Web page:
Livingston eventually got his Lowell & Andover charter from the 1846 legislation. A new strategy would link the Lowell and Andover with the new Salem & Lowell Railroad in which he was also an investor. The Salem & Lowell was a scheme to revitalize the depressed town of Salem as an alternative port to Boston.
When finally built in 1848, the Lowell & Andover was re-christened as the Lowell & Lawrence in recognition of the increased importance of the new manufacturing town of Lawrence. In 1852, the long awaited competing service to Boston began through the cooperation of the new Lawrence and Salem railroads with the Boston & Maine and just as quickly, the Boston & Lowell sued. The state Supreme Court in an 1854 decision found in favor of the Boston & Lowell and that the three railroads had exceeded their charters by creating the alternate route. But the 1855 legislature granted the necessary legislative approval. The corporations may have opposed the route but quickly exploited the ensuing competition for freight business, principally the transport of southern cotton from the wharves of Salem or Boston to Lowell. The competition proved fatal to the undercapitalized Salem railroad, and the better capitalized Boston & Lowell took control of the road in 1858, effectively eliminating the hoped for competition.
“The Boston & Lowell …even more of an enemy to the Boston & Maine than the Eastern…”
By the 1870s, Lowell’s position as the Commonwealth’s second largest city was challenged by other growing industrial centers, particularly Worcester. Many thought that Worcester’s accelerating growth was powered by its superior railroad connections. The Boston & Lowell, Boston & Maine, and Eastern Railroads were battling for control of rail service north of Boston, but in Lowell, the Boston & Lowell controlled all the rails in and out of town. Nonetheless, Lowell interests saw an opportunity in the struggle among the giants. Edward M. Sargent, owner of an express business – a business dependent on good, cheap rail service – proposed yet another attempt at a Lowell & Andover Railroad to connect with the Boston & Maine at Ballardvale. It was conceived and capitalized locally; the Ayers with their many manufacturing interests were chief investors and beneficiaries. The Boston & Maine was invited to lease the new road, For the Boston & Lowell Railroad, this was the “raising of a club over the head of the Lowell Road,”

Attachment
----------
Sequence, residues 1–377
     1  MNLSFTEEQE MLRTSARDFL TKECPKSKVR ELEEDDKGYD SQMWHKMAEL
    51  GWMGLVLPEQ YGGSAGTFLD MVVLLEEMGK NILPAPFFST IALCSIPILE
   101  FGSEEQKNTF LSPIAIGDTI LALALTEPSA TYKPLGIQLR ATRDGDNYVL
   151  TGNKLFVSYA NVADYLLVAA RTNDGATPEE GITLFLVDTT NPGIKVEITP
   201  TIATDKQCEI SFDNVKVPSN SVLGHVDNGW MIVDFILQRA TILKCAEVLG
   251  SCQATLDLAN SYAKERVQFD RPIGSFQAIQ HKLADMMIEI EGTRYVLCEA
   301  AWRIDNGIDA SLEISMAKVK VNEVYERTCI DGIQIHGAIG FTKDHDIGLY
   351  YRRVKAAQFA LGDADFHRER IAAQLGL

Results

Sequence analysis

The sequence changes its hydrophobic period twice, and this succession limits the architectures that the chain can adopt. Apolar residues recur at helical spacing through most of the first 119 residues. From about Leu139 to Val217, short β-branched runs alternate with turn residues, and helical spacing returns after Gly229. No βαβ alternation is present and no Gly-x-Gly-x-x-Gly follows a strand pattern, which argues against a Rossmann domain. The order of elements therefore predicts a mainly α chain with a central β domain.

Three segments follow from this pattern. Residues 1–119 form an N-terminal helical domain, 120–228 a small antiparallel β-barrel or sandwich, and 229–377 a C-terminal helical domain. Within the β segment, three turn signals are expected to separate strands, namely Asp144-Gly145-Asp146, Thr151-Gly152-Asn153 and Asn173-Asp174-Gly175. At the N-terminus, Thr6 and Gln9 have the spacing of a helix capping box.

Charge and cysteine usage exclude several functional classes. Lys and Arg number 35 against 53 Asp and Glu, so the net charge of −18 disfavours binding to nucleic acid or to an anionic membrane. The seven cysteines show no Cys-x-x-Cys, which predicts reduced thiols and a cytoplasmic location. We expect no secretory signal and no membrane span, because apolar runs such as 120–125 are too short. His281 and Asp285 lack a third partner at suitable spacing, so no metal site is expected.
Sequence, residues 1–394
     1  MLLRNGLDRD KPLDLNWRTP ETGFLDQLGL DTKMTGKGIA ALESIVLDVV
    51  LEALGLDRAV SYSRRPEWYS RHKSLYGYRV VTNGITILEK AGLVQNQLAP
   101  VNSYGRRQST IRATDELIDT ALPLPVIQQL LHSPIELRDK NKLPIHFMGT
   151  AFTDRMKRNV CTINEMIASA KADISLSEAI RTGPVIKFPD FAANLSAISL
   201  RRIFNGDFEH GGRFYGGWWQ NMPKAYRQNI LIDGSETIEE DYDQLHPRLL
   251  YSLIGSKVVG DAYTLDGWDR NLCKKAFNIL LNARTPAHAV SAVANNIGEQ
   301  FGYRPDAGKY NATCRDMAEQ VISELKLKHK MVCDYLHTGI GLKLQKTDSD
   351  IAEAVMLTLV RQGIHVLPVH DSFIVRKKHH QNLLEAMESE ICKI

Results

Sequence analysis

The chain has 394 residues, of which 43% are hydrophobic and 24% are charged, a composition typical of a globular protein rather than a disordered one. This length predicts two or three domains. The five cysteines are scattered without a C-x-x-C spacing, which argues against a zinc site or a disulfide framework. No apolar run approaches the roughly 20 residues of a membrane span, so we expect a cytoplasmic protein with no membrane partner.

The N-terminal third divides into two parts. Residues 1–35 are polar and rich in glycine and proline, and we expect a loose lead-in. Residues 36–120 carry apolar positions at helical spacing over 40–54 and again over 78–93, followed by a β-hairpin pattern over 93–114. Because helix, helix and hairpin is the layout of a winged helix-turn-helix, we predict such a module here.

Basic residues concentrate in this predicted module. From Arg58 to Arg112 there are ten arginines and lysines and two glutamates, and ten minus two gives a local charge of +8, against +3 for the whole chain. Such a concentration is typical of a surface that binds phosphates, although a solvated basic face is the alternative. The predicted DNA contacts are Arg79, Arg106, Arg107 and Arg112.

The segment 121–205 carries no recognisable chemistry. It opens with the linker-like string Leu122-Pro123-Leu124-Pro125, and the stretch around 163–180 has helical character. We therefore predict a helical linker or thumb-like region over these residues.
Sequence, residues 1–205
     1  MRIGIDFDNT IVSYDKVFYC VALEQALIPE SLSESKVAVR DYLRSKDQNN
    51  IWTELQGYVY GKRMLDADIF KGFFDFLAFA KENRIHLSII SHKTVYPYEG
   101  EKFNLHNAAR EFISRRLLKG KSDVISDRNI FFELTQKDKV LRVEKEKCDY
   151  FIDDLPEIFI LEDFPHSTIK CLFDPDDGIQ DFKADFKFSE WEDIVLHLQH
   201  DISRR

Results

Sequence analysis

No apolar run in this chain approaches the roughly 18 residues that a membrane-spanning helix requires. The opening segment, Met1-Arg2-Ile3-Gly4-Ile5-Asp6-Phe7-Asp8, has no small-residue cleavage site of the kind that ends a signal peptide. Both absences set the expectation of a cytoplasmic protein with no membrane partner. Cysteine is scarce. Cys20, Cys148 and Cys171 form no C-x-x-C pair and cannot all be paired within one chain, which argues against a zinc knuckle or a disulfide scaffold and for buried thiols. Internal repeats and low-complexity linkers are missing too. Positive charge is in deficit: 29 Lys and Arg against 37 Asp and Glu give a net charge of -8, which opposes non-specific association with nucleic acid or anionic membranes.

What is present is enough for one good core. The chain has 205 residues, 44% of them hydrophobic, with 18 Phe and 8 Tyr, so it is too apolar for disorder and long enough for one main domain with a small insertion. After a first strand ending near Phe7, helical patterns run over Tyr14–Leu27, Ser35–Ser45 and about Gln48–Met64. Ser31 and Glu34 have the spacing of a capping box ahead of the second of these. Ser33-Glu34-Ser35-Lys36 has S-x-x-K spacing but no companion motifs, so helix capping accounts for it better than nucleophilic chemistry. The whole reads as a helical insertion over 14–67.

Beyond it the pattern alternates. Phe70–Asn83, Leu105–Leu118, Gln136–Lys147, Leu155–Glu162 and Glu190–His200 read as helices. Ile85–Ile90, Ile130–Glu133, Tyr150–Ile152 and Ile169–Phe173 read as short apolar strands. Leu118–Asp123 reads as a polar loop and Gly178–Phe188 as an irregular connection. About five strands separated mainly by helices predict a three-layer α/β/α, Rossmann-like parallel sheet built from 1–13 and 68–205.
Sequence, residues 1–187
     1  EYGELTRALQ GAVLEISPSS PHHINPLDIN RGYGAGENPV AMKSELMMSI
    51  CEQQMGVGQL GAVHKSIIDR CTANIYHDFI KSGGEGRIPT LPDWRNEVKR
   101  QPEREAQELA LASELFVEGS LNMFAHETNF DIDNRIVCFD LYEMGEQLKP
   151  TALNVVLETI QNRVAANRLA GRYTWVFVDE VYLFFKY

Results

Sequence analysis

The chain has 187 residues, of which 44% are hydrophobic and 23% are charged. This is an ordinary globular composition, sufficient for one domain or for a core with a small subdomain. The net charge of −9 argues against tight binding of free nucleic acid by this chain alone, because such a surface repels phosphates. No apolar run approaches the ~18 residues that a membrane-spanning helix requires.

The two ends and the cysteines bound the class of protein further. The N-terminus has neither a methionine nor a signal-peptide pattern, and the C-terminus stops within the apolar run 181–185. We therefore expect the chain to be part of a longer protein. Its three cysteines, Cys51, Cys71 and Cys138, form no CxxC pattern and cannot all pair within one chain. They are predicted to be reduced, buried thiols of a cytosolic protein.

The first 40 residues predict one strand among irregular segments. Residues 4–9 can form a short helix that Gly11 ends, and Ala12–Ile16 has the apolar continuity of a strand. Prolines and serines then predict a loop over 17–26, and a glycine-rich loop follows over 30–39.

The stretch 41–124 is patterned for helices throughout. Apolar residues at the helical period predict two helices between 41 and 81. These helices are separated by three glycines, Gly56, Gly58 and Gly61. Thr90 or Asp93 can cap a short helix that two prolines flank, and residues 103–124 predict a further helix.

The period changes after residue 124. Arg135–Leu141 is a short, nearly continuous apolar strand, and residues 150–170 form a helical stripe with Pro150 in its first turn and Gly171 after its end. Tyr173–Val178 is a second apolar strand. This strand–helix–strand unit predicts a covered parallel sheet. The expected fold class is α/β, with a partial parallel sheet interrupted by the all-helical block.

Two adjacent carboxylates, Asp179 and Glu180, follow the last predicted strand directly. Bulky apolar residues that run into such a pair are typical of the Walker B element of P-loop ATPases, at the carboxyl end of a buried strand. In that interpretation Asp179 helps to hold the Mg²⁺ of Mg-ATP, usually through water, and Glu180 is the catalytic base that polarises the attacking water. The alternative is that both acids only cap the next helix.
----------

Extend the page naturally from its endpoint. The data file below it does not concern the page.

Building a railroad was an act of faith in the aftermath of the economic disruption of the Panic of 1873, but labor was plentiful and cheap. The contractors may have anticipated bargain-rate labor, but workers struck almost immediately, complaining they had nothing left of their $1.00-a-day pay after paying board. They won an increase to $1.25 and struck again in a few months to wrangle another increase to $1.50, with some gaining $1.75. Construction moved rapidly, and at one point, over 800 laborers were at work on the road. The operations of the new steam shovel were also of great and curious interest. The construction methodology and inevitable complications would look familiar to anyone involved with civil works today. A general contractor, Edmund Rice of Boston, won the contract in early 1874 and then let the work to sub-contractors in fourteen sections; the bridges went to still another sub-contractor. Any project manager today would recognize the problem when one sub-contractor walked off his section. He was selling off too much valuable excavate from his area which the engineers wanted elsewhere on the job; he countered that delays in bridge construction and removal of buildings had unnecessarily delayed him. There was some truth to his claim, but if he wanted back on the job the railroad and prime contractor would require surety bonds.